What is the connection between poverty and education?
Education is the most powerful weapon in which you can use to change the world. In fact, according to the British Journal of Economics, Management & Trade there is a 0.62 correlation between education and poverty reduction. .
Furthermore, studies from the World Bank show that being able to read and understand a simple text by age ten provides the foundational literacy skills for participation in the workforce and ultimately leading a healthy, prosperous life.
Yet, 124 million school aged children worldwide are not in school due to poverty, hunger, or sickness. For over 100 years, the Maryknoll Sisters have been providing education to those in need throughout the world.
Maryknoll Sisters Work to Educate Children Throughout the World Including:
Sister Mary Little, M.M. runs a preschool in Chake Angre for the most vulnerable of poor children .
Sister Jareen Aquino, M.M. is a mentor at Emusoi Centre, which provides basic education to Maasai girls, who are usually married off at a young age.
Sister Story: Sister Jareen Aquino, M.M. & Sister Mary Vertucci
In many communities in the East African nation of Tanzania, education for girls is neglected, and often actively discouraged, beyond that needed for the role of wife and mother.
Sister Jareen Aquino, M.M., and Sister Mary Vertucci have spent the last five years as mentors to girls at the Emusoi Centre in Arusha, Tanzania. The Centre provides a basic education, which then makes it possible for the girls to enroll in high school and get on the road to learning, which will provide them with opportunities for better lives.
“When they left their villages,” Sister Jareen says, “these girls went against what is expected of them: to remain uneducated, marry at a young age, and have children. When they join Emusoi, they are aware that they will be going to secondary school, but what they don’t know are the things that will be revealed in their lives as they discover their worth and potential as individuals. There is uncertainty and pressure, but these young women are determined to see what is before them for a better future for themselves and their families.”
One of the girls Sister Jareen worked with, Neema Musa, has gone on to university—something that until recently was almost unheard of among girls from the pastoralist and hunter-gatherer tribes in Tanzania. Sister Jareen guided Neema through the complicated application process for her scholarship.
“I still remember the different questions that she had to answer,” Sister Jareen recalls, “and one of them was what symbol best describes you? This question caught her off guard, because they seldom experience questions that let them reflect on life (since the educational system is all about academics).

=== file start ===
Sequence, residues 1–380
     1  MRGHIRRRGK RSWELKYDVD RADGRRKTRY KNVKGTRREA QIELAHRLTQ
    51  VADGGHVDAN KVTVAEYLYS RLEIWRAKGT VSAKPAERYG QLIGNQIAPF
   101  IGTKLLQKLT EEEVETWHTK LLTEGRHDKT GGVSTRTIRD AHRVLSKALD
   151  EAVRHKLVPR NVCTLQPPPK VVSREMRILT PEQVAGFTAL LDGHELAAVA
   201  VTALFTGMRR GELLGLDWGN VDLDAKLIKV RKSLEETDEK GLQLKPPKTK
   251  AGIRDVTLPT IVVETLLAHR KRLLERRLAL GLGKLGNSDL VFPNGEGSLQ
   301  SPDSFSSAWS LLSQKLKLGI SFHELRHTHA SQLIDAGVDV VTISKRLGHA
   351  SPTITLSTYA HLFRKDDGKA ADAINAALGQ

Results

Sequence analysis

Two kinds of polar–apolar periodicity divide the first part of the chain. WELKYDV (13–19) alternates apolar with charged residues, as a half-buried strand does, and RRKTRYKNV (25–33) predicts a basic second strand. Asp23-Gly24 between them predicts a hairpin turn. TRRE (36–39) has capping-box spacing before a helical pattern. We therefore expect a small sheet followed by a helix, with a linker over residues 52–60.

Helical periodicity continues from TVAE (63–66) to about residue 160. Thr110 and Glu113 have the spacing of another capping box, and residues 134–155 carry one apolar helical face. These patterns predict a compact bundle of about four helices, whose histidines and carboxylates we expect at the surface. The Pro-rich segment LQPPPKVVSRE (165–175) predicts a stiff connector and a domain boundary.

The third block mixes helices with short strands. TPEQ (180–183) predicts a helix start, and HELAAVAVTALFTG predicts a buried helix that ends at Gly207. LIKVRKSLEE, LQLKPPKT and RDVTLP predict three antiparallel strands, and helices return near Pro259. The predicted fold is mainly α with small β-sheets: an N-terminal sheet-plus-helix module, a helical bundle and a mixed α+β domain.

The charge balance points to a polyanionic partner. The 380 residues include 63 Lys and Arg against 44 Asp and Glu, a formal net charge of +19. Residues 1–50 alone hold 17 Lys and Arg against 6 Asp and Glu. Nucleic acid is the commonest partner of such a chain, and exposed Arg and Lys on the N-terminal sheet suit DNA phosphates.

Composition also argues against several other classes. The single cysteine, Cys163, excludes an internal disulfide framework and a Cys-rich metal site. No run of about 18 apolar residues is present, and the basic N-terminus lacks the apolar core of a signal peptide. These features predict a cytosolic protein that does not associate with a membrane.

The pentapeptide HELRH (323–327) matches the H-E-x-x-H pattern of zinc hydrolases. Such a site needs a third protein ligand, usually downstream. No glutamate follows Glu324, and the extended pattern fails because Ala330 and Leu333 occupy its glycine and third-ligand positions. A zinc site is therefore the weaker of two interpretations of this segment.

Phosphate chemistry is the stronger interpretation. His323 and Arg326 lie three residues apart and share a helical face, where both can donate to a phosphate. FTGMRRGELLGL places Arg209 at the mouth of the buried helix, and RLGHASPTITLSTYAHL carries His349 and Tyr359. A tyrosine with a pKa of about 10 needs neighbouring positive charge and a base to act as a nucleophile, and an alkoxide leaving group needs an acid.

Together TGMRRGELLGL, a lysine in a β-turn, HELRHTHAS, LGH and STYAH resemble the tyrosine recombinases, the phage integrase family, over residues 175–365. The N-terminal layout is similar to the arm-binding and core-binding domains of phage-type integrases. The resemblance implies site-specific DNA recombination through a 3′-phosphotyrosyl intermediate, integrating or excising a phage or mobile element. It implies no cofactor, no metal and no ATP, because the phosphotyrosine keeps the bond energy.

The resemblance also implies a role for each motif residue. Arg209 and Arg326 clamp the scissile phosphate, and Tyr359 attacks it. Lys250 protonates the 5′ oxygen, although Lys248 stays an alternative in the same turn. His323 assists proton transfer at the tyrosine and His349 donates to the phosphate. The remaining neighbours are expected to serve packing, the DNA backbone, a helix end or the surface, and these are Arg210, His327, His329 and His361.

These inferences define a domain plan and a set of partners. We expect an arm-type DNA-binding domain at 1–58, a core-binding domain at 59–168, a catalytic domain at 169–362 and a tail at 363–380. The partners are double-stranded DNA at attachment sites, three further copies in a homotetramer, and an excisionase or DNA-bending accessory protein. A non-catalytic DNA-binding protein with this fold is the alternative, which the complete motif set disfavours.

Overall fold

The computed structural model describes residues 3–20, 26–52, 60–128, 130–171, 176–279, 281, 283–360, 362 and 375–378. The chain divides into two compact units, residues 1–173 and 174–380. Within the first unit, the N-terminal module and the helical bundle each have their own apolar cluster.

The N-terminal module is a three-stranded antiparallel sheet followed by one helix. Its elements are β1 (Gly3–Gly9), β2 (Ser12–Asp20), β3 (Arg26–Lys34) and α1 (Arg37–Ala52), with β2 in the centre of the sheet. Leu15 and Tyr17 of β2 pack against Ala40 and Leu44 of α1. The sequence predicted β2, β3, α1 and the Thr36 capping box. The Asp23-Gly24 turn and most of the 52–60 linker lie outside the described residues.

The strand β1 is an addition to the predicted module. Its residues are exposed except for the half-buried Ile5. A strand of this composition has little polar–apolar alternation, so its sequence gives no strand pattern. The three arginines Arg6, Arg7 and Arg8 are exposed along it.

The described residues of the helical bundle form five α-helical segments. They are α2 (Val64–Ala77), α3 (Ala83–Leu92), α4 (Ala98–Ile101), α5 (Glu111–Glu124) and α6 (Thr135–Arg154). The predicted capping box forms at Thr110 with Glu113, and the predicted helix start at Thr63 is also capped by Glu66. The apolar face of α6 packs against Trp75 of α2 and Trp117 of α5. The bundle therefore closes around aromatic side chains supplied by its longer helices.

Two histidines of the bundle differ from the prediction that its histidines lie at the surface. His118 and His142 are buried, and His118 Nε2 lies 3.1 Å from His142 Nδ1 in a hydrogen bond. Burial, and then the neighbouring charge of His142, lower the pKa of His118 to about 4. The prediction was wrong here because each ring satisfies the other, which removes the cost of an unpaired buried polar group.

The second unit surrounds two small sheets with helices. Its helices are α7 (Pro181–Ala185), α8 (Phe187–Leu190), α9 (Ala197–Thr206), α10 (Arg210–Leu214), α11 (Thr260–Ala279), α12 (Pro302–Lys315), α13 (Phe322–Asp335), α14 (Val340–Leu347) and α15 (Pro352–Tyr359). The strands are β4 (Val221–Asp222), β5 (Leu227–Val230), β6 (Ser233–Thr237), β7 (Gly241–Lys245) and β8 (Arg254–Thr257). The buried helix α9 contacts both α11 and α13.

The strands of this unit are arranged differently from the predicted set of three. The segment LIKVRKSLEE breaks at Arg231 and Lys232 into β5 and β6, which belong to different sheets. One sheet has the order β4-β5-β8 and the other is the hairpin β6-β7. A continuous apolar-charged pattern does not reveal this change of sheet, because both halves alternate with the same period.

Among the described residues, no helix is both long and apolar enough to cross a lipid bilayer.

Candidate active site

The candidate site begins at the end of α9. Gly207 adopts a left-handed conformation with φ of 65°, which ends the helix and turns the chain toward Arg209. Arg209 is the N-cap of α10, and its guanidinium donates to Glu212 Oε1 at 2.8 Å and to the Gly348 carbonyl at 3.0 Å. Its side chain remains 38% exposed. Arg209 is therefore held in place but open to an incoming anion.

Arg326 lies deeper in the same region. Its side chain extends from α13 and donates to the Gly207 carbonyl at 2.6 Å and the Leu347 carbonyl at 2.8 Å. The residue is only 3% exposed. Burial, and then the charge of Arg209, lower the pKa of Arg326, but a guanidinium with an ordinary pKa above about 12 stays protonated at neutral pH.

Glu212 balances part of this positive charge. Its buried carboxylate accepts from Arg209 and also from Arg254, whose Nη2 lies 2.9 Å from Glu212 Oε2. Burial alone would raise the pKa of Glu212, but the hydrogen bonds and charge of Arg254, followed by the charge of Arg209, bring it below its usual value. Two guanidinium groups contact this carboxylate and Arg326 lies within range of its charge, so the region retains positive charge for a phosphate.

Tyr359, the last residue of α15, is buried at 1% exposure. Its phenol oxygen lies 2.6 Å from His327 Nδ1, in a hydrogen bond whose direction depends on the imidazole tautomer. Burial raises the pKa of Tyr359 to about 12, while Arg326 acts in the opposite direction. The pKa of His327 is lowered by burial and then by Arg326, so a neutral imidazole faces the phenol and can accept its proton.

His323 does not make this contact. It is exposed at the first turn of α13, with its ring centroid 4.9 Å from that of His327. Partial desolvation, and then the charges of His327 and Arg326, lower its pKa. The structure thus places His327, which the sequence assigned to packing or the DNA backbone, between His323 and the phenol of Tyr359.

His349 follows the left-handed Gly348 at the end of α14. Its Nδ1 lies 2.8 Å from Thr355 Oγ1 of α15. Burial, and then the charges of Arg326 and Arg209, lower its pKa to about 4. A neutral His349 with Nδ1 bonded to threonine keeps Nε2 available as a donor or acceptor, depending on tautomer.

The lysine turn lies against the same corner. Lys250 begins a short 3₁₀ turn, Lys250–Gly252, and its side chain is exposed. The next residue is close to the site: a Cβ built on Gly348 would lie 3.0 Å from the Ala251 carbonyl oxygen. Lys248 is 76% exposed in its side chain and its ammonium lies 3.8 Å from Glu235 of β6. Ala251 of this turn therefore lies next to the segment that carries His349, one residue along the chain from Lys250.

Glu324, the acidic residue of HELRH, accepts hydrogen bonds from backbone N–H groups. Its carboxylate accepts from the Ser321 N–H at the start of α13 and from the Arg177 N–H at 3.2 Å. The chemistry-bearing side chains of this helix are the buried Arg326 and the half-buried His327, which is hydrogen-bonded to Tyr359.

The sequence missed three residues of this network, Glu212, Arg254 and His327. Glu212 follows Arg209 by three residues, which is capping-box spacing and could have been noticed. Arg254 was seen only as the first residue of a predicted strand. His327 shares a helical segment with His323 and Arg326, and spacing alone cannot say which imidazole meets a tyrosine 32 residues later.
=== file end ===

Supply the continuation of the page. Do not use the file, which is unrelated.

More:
“It took her quite some time to answer this, but I was so happy that it really made her reflect on things. She came up with an answer. Her symbol was a runggu. It is a Maasai staff that village leaders and elders would hold which is a symbol of leadership and authority. She chose a runggu because she sees herself as a leader for her Maasai community. Being one of the few girls who are educated, she believes that she can make a difference and bring development, not just to her family, but also to her community.”
With your support, women like Neema will have opportunities to improve not only their own lives, but those of their families and communities, as they acquire valuable knowledge and skills. Many of the girls Sister Jareen works with go on to continue their educations, and some, like Neema, even go to university.
Most of the girls have no money of their own, and are there against the wishes of the men whose households they have left. Sister Jareen’s ministry therefore relies on the support of friends like you to cover most of its expenses.
“Making God’s love visible by giving girls a full life through education.”
-Sister Jareen Aquino, M.M.
Sister Story: Sister Mary Little, M.M. & Sister Regina Pellicore, M.M
In the country of Cambodia, Sister Mary Little, M.M. and Sister Regina Pellicore, M.M. work diligently to help underprivileged children receive an education and break free from the cycles of poverty that, in some cases, have lasted for generations.
Sister Mary founded Saint Mary’s Preschool in the village of Chake Angre Kraom in early 2016. Shortly after that, the school burned to the ground in a fire that damaged or destroyed most of the village!
Thanks to the support of benefactors like you, they were able to rebuild the school, using bricks rather than wood. The history of the Sisters mission since then has been a testament to God’s grace… and your friendship and generosity is a large part of that!
“The purpose of the preschools is to enable Vietnamese children to understand, speak, read and write enough Khmer (the official language of Cambodia) so that they can go to the government school at the age of six,” Sister Mary explains. “Vietnamese children who cannot speak or understand any Khmer tend not to go to school or to drop out within the first few months because they cannot understand what the teacher is saying.”
Your offering will help Sisters Mary and Regina continue to offer classes and tutoring to more children; cover expenses for supplies, uniforms, books and meals; and fund the scholarships that allow these students to go to university.
How You Can Help
With your financial support, the Maryknoll Sisters will be able to provide educational programs that are key to:
Pray With Us
Maryknoll Sisters Prayer for Education
Come be with us today.
Fill our hearts with joy.
Fill our minds with learning.
Fill our classrooms with peace.
Fill our lessons with fun.
Fill our friendships with kindness.
Fill our School with love.